BP

Wait: Galway Kinnell’s Beautiful and Life-Giving Poem for a Young Friend Contemplating Suicide

“Be there to hear … the flute of your whole existence…”

Wait: Galway Kinnell’s Beautiful and Life-Giving Poem for a Young Friend Contemplating Suicide

“To decide whether life is worth living is to answer the fundamental question of philosophy,” Albert Camus famously wrote — a statement that has only swelled in intellectual notoriety and spiritual significance in the half-century since. But beyond philosophy, when the will to live or die plays out in the personal realm, it creates a vortex of pain — not only for the anguished person contemplating suicide but for those who love them, to say nothing of the perilous social contagion of suicide.

Pulitzer-winning poet Galway Kinnell (February 1, 1927–October 28, 2014) addressed this elemental question of existence with extraordinary compassion and spiritual grace in a poem he wrote for a student of his who was contemplating suicide after the abrupt end of a romance. Originally published in Kinnell’s beautiful and beautifully titled 1980 collection Mortal Acts, Mortal Words, it was later included in A New Selected Poems (public library).

In this recording courtesy of the Academy of American Poets, Kinnell brings his miraculously life-giving words to life:

WAIT

Wait, for now.
Distrust everything, if you have to.
But trust the hours. Haven’t they
carried you everywhere, up to now?
Personal events will become interesting again.
Hair will become interesting.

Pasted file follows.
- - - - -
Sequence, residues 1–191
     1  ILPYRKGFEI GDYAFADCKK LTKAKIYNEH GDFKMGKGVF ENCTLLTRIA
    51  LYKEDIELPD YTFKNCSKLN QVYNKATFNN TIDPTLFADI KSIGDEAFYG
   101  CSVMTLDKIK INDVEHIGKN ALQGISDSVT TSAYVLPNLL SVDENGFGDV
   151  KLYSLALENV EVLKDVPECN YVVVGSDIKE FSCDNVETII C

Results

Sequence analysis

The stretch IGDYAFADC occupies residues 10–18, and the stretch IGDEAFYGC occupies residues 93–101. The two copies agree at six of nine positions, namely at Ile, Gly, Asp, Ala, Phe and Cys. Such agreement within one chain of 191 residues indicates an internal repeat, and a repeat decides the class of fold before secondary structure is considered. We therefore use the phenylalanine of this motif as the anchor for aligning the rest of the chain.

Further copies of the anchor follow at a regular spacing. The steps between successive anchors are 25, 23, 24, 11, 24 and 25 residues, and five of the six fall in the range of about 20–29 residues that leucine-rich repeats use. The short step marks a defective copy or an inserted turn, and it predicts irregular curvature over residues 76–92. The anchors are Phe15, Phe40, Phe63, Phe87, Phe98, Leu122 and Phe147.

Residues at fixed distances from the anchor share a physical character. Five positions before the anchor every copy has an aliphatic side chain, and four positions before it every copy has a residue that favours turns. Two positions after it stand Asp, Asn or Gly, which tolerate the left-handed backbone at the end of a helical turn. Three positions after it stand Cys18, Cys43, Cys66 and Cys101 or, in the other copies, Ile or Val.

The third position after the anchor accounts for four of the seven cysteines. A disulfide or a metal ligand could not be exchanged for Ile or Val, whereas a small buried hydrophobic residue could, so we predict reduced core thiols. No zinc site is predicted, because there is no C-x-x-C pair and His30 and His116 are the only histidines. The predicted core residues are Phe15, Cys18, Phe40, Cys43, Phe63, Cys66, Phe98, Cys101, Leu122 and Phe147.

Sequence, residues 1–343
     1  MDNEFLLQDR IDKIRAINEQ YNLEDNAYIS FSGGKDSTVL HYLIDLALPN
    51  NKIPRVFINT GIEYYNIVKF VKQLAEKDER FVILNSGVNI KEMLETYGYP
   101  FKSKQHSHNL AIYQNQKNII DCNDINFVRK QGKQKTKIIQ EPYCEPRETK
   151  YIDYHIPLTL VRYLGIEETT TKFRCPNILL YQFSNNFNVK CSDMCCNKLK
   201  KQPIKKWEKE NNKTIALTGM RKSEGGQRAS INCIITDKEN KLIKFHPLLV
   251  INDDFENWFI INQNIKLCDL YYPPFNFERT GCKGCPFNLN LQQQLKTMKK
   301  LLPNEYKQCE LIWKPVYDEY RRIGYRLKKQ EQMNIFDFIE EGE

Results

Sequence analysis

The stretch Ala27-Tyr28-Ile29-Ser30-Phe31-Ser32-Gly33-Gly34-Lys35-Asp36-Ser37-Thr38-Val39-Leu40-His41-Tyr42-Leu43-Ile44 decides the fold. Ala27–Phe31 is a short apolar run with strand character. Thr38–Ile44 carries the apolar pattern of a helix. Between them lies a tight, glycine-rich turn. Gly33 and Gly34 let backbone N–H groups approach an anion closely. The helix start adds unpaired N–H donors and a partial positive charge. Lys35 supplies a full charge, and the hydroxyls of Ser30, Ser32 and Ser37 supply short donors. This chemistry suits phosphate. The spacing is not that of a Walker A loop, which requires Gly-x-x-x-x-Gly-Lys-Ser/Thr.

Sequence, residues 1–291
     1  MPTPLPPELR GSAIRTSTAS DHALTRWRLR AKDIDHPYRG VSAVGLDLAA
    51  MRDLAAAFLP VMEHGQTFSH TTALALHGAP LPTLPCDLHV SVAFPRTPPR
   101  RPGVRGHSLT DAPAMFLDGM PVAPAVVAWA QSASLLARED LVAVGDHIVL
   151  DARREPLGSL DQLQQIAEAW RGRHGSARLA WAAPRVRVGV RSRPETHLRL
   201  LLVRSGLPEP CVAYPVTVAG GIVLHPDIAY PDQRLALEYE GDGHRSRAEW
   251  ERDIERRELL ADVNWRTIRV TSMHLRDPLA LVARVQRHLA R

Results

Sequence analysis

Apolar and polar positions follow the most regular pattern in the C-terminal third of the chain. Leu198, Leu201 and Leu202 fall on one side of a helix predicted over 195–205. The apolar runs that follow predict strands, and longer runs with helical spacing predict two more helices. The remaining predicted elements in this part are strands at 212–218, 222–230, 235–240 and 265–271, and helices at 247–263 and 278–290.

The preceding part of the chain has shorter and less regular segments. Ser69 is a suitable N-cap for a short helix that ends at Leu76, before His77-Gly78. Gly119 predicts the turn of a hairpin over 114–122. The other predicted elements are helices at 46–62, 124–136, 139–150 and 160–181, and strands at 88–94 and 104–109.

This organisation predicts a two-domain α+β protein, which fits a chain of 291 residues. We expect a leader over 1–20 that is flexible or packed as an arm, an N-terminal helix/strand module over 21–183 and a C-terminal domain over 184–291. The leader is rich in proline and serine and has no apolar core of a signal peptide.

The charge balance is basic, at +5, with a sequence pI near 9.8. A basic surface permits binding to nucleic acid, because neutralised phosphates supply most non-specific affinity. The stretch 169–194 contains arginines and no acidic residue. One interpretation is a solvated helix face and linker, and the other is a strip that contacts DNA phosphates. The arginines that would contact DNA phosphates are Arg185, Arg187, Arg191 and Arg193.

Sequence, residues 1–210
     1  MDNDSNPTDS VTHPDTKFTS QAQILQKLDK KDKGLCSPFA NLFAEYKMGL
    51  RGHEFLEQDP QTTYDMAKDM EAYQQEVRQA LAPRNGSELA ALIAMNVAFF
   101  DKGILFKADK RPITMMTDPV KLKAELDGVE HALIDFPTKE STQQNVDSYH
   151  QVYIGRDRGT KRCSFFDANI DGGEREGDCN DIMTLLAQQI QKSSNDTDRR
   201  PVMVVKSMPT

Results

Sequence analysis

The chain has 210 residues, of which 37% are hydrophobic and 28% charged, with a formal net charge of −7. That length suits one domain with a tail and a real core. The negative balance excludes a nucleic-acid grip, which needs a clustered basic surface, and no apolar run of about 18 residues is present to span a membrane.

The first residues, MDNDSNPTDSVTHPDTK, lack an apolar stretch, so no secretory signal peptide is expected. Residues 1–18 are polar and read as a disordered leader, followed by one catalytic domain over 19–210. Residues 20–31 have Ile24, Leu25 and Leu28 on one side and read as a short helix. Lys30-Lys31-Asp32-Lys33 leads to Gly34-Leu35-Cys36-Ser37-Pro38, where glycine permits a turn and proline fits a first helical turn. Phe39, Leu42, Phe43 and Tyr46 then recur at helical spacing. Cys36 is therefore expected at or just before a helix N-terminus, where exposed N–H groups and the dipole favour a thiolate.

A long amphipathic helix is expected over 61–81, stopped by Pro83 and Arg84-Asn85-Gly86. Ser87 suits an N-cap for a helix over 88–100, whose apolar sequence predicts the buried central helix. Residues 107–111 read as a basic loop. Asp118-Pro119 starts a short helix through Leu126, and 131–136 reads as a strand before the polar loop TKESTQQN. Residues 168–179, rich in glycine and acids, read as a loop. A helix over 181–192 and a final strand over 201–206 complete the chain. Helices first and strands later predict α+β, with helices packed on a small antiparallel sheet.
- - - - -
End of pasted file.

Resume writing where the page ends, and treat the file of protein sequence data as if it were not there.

Pain will become interesting.
Buds that open out of season will become lovely again.
Second-hand gloves will become lovely again,
their memories are what give them
the need for other hands. And the desolation
of lovers is the same: that enormous emptiness
carved out of such tiny beings as we are
asks to be filled; the need
for the new love is faithfulness to the old.

Wait.
Don’t go too early.
You’re tired. But everyone’s tired.
But no one is tired enough.
Only wait a while and listen.
Music of hair,
Music of pain,
music of looms weaving all our loves again.
Be there to hear it, it will be the only time,
most of all to hear,
the flute of your whole existence,
rehearsed by the sorrows, play itself into total exhaustion.

I am grateful to Rosanne Cash and the New York Public Library’s Paul Holdengräber for bringing this enormously enlivening poem to my attention. Complement it with Diane Ackerman on what working at a suicide prevention hotline taught her about the human spirit.

For more beloved poets performing their work, hear Sylvia Plath reading “Spinster,” “The Birthday Present,” and “The Disquieting Muses,” Billy Collins reading “Aristotle,” T.S. Eliot reading “Burnt Norton,” Lucille Clifton reading “won’t you celebrate with me,” Elizabeth Alexander reading “Ars Poetica #100: I Believe,” Sarah Kay reading “The Paradox,” and Mary Oliver reading “Wild Geese.”